The pharynx is a part of the digestive and respiratory systems that serves as a conduit for food and air. It is a musculo-membranous tube extending from the base of the skull to the level of the sixth cervical vertebra where it becomes continuous with the esophagus.

The pharynx has three regions: the nasopharynx, oropharynx, and laryngopharynx. The nasopharynx is the uppermost region, which lies above the soft palate and is connected to the nasal cavity. The oropharynx is the middle region, which includes the area between the soft palate and the hyoid bone, including the tonsils and base of the tongue. The laryngopharynx is the lowest region, which lies below the hyoid bone and connects to the larynx.

The primary function of the pharynx is to convey food from the oral cavity to the esophagus during swallowing and to allow air to pass from the nasal cavity to the larynx during breathing. It also plays a role in speech, taste, and immune defense.

Sleep is a complex physiological process characterized by altered consciousness, relatively inhibited sensory activity, reduced voluntary muscle activity, and decreased interaction with the environment. It's typically associated with specific stages that can be identified through electroencephalography (EEG) patterns. These stages include rapid eye movement (REM) sleep, associated with dreaming, and non-rapid eye movement (NREM) sleep, which is further divided into three stages.

Sleep serves a variety of functions, including restoration and strengthening of the immune system, support for growth and development in children and adolescents, consolidation of memory, learning, and emotional regulation. The lack of sufficient sleep or poor quality sleep can lead to significant health problems, such as obesity, diabetes, cardiovascular disease, and even cognitive decline.

The American Academy of Sleep Medicine (AASM) defines sleep as "a period of daily recurring natural rest during which consciousness is suspended and metabolic processes are reduced." However, it's important to note that the exact mechanisms and purposes of sleep are still being researched and debated among scientists.

Pulmonary edema is a medical condition characterized by the accumulation of fluid in the alveoli (air sacs) and interstitial spaces (the area surrounding the alveoli) within the lungs. This buildup of fluid can lead to impaired gas exchange, resulting in shortness of breath, coughing, and difficulty breathing, especially when lying down. Pulmonary edema is often a complication of heart failure, but it can also be caused by other conditions such as pneumonia, trauma, or exposure to certain toxins.

In the early stages of pulmonary edema, patients may experience mild symptoms such as shortness of breath during physical activity. However, as the condition progresses, symptoms can become more severe and include:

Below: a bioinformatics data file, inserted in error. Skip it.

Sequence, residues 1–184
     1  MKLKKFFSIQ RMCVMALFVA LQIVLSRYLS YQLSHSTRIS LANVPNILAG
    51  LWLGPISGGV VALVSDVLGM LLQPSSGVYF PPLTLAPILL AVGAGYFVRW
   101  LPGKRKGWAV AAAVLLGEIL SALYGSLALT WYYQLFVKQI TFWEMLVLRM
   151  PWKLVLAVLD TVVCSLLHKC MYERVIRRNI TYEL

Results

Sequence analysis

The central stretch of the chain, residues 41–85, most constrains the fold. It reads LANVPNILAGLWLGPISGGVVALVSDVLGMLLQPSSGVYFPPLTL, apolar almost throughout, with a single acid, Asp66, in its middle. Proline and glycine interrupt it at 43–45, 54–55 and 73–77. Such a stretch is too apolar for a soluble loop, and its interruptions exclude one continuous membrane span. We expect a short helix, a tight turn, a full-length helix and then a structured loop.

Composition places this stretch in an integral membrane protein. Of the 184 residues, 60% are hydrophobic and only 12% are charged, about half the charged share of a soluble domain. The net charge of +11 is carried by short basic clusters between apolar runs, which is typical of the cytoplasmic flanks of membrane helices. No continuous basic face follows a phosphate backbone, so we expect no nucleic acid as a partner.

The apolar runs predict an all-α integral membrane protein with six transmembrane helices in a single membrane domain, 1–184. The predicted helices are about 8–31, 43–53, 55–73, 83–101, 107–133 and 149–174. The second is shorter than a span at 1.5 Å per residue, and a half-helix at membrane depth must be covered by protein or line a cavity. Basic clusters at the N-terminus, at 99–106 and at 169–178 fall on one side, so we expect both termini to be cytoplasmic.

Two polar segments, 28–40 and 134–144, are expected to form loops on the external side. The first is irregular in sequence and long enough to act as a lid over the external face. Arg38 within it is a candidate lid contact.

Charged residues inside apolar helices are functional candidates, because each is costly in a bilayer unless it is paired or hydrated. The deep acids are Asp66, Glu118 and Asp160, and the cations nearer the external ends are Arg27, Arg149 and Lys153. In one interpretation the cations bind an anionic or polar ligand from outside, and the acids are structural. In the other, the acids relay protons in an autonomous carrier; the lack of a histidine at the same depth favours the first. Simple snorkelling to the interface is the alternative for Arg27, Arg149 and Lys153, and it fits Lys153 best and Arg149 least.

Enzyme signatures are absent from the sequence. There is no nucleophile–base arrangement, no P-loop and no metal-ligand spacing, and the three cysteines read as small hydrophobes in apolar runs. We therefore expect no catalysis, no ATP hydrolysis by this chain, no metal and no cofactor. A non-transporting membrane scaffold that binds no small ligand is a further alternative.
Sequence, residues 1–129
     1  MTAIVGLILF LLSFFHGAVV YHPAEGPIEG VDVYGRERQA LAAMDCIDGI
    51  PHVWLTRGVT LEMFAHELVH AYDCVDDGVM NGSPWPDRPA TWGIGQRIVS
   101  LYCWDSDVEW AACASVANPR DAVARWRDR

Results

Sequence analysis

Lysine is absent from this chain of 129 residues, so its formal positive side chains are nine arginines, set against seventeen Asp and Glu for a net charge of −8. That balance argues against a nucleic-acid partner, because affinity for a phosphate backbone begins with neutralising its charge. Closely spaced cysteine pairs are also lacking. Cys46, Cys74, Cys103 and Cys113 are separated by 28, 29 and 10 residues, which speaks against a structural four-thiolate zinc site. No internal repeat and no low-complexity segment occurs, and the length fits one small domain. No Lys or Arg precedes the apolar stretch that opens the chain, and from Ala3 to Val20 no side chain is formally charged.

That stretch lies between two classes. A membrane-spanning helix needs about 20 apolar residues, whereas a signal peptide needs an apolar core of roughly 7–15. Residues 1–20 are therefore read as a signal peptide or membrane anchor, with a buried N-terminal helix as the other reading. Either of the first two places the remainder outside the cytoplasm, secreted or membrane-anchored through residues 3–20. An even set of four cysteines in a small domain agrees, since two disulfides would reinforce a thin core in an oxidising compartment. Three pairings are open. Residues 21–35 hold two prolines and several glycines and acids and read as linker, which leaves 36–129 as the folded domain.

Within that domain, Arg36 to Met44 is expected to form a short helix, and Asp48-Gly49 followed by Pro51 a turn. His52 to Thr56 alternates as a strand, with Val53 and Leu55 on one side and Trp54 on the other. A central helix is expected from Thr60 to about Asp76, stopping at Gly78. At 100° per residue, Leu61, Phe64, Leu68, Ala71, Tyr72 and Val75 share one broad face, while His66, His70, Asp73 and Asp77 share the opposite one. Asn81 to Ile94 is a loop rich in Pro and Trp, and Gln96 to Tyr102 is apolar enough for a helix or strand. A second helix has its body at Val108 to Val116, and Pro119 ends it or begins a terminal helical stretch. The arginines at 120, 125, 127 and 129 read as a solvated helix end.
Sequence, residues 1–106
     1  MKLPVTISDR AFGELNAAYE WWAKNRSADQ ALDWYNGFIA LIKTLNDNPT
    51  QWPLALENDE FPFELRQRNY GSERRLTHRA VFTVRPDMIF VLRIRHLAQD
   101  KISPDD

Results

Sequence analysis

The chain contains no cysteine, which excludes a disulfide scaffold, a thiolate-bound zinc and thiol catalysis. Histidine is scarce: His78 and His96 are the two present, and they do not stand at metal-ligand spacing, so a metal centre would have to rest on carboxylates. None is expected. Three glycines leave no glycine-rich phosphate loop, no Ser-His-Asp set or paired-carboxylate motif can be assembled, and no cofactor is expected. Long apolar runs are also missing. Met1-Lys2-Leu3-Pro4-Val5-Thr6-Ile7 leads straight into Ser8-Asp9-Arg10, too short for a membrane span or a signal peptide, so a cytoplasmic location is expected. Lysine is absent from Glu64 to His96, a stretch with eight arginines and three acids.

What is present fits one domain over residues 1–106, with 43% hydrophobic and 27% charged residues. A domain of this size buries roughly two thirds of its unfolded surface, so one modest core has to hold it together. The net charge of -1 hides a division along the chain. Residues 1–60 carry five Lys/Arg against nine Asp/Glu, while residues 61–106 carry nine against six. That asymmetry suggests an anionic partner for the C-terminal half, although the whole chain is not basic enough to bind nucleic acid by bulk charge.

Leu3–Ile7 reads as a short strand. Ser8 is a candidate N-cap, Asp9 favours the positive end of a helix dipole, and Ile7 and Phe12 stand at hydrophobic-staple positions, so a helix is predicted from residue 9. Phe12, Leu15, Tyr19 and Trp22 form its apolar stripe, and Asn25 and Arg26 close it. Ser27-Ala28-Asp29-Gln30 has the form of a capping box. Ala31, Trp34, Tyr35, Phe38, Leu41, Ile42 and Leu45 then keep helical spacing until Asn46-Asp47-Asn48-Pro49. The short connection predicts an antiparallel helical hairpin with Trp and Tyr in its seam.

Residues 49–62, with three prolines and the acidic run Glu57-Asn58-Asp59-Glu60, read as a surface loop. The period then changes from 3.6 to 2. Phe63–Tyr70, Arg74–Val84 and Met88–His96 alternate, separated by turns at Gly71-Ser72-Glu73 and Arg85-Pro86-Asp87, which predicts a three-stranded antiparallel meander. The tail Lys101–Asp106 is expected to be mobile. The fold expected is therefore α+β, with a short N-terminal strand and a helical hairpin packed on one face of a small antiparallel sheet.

* Severe shortness of breath, even at rest
* Wheezing or coughing up pink, frothy sputum
* Rapid breathing and heart rate
* Anxiety or restlessness
* Bluish discoloration of the skin (cyanosis) due to lack of oxygen

Pulmonary edema can be diagnosed through a combination of physical examination, medical history, chest X-ray, and other diagnostic tests such as echocardiography or CT scan. Treatment typically involves addressing the underlying cause of the condition, as well as providing supportive care such as supplemental oxygen, diuretics to help remove excess fluid from the body, and medications to help reduce anxiety and improve breathing. In severe cases, mechanical ventilation may be necessary to support respiratory function.

Medical Definition of Respiration:

Respiration, in physiology, is the process by which an organism takes in oxygen and gives out carbon dioxide. It's also known as breathing. This process is essential for most forms of life because it provides the necessary oxygen for cellular respiration, where the cells convert biochemical energy from nutrients into adenosine triphosphate (ATP), and releases waste products, primarily carbon dioxide.

In humans and other mammals, respiration is a two-stage process:

1. Breathing (or external respiration): This involves the exchange of gases with the environment. Air enters the lungs through the mouth or nose, then passes through the pharynx, larynx, trachea, and bronchi, finally reaching the alveoli where the actual gas exchange occurs. Oxygen from the inhaled air diffuses into the blood, while carbon dioxide, a waste product of metabolism, diffuses from the blood into the alveoli to be exhaled.